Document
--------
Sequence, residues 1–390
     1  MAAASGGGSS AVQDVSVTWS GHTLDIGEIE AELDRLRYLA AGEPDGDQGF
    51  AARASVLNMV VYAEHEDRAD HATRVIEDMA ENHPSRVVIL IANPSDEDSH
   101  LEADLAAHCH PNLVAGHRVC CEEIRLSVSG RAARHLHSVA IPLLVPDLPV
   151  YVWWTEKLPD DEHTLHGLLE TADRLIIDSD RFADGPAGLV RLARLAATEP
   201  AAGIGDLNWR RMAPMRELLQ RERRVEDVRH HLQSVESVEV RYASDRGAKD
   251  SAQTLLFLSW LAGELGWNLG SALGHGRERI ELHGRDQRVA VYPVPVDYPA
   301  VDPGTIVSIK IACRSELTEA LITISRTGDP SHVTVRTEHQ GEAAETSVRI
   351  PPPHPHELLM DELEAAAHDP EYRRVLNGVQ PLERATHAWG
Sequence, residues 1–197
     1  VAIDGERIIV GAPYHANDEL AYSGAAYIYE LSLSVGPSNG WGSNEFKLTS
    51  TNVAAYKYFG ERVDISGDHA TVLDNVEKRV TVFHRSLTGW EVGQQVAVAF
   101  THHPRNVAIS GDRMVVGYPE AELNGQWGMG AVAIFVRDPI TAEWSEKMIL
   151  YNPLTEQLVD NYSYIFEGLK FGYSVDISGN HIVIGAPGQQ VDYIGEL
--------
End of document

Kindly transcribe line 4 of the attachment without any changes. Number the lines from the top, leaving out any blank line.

   101  LEADLAAHCH PNLVAGHRVC CEEIRLSVSG RAARHLHSVA IPLLVPDLPV